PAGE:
Or if you're just looking to escape a collapsing world, why not New Zealand? They speak English and are far removed from everyone else.
« Last Edit: December 23, 2018, 03:52:24 AM by Lambda Phage »
 

Offline james03

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Re: Bad week for El Presidente
« Reply #13 on: December 23, 2018, 02:23:09 PM »
Realistically speaking, I think the best place is Chile.  Very civilized and free.  There's a reason you don't see caravans coming up from Chile.  Pinochet pitched all of the leftists out of helicopters and the country is well run.  They actually have a solvent retirement system and no crisis.  It's still pretty Catholic, which is why they were so pissed when they found out about the pedophile cover ups there.  It's also out of the way for the coming conflict.  The only problem is their strategic importance for copper.

I like the Polish a lot.  They are the best field craftsman in the world.  However unfortunately a Pole puts a Scots to shame when it comes to stubbornness, and they really hate Russians.  So even if the Russians lined up a huge army to invade, the Poles would probably go to the border to moon them and flip them off.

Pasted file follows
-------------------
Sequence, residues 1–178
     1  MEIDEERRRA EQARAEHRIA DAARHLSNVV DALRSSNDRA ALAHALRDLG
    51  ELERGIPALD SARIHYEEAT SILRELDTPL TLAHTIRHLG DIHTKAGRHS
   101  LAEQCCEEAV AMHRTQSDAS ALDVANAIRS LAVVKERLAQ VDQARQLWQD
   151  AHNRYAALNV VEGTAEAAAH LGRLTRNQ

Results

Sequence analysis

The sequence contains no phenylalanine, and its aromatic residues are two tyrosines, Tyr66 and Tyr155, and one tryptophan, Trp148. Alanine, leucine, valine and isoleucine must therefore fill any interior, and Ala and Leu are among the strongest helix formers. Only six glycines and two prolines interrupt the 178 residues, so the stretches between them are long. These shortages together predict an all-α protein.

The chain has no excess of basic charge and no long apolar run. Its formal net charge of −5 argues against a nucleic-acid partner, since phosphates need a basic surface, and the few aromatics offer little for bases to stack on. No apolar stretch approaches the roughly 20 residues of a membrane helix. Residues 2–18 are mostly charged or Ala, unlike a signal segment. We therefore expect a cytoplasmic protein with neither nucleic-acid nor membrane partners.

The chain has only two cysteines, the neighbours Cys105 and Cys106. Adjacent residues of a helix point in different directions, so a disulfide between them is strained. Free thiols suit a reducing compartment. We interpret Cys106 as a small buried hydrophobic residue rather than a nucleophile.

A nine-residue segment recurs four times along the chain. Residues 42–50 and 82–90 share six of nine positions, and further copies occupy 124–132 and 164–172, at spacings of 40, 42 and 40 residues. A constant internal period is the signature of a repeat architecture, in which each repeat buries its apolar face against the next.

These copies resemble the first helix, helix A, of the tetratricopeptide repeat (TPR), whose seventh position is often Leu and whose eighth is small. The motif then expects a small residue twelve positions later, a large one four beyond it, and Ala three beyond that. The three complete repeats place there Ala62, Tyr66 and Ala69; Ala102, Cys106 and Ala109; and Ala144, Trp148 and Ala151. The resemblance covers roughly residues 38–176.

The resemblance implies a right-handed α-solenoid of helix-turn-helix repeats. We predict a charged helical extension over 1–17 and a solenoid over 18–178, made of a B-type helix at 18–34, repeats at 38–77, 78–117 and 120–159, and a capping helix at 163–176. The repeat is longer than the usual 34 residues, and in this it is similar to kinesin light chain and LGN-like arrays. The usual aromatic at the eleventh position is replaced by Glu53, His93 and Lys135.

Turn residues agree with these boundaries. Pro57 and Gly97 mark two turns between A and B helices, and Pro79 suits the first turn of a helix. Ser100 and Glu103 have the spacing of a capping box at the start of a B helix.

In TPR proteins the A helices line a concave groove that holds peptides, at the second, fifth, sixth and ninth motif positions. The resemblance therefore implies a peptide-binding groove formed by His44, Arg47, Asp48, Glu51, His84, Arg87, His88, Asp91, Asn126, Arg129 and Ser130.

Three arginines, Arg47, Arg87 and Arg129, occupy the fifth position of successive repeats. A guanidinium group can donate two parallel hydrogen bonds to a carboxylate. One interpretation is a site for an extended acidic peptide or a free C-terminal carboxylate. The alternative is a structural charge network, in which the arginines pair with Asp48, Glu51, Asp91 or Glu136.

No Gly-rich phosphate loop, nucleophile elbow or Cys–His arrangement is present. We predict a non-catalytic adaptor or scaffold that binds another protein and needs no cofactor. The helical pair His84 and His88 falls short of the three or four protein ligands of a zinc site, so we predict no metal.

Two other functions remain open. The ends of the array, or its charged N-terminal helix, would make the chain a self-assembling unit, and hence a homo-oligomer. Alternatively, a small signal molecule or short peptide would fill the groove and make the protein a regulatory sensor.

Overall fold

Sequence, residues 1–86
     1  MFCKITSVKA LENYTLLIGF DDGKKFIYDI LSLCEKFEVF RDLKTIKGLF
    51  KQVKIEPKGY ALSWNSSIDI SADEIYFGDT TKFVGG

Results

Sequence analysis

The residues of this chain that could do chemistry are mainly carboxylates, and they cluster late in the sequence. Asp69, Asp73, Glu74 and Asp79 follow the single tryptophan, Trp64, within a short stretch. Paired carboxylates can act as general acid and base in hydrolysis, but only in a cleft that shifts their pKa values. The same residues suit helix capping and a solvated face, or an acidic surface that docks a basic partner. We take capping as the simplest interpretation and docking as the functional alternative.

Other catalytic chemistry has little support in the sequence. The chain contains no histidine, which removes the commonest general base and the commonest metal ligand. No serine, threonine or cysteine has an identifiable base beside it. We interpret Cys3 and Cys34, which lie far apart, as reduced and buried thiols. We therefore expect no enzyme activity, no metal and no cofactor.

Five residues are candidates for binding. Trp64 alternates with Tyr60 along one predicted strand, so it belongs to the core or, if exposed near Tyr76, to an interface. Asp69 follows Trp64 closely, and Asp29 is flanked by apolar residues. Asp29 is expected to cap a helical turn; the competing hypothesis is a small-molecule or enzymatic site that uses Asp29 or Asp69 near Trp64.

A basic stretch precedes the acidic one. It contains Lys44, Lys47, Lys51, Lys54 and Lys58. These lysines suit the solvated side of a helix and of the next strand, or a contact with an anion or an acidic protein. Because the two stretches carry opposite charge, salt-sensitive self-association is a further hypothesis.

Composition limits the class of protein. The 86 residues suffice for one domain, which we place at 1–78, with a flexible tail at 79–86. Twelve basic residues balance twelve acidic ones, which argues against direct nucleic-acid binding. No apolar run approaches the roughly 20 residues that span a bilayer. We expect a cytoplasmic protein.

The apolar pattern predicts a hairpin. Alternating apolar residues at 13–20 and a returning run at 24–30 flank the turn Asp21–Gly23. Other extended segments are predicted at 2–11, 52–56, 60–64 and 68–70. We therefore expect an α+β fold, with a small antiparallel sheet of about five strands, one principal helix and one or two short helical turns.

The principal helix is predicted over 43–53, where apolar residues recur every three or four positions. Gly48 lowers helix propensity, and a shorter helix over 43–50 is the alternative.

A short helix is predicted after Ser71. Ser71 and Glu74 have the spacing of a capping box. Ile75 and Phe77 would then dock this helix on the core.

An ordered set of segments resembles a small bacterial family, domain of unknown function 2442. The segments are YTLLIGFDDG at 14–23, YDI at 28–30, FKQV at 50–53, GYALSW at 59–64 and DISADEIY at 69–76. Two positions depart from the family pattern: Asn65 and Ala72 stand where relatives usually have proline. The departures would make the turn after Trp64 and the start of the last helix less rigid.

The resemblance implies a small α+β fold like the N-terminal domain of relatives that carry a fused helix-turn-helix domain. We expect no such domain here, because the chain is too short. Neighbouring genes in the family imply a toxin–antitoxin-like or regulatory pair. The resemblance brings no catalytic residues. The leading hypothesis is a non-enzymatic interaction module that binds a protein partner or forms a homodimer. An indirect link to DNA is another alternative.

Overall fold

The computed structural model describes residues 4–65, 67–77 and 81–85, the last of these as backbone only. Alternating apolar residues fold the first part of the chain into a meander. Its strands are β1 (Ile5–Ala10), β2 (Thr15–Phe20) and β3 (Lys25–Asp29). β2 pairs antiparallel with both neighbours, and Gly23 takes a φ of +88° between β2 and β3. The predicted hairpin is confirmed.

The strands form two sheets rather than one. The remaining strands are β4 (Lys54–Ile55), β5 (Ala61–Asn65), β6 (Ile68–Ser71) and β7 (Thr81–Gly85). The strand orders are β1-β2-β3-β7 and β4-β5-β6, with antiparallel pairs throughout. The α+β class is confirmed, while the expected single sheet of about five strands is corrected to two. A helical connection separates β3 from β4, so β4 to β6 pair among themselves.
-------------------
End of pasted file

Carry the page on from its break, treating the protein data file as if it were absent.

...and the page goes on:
Hungary would probably be the best pick, or the Slovak republic if you are interested in Europe, however I understand that learning Hungarian is difficult.
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Offline Heinrich

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Re: Bad week for El Presidente
« Reply #14 on: December 23, 2018, 03:49:01 PM »
Chile is clearly the front runner for any Catholic wanting to expat. But we have to remember, this is not an Anglo Saxon culture. Meaning: mańana time rules. This can be good or bad, depending how hungry you are. So if you are going to learn Spanish, why not just suck it up and stay where you are? Laus did say there is an Una Voce Russia which provides resources on finding a Latin Mass in Rusher.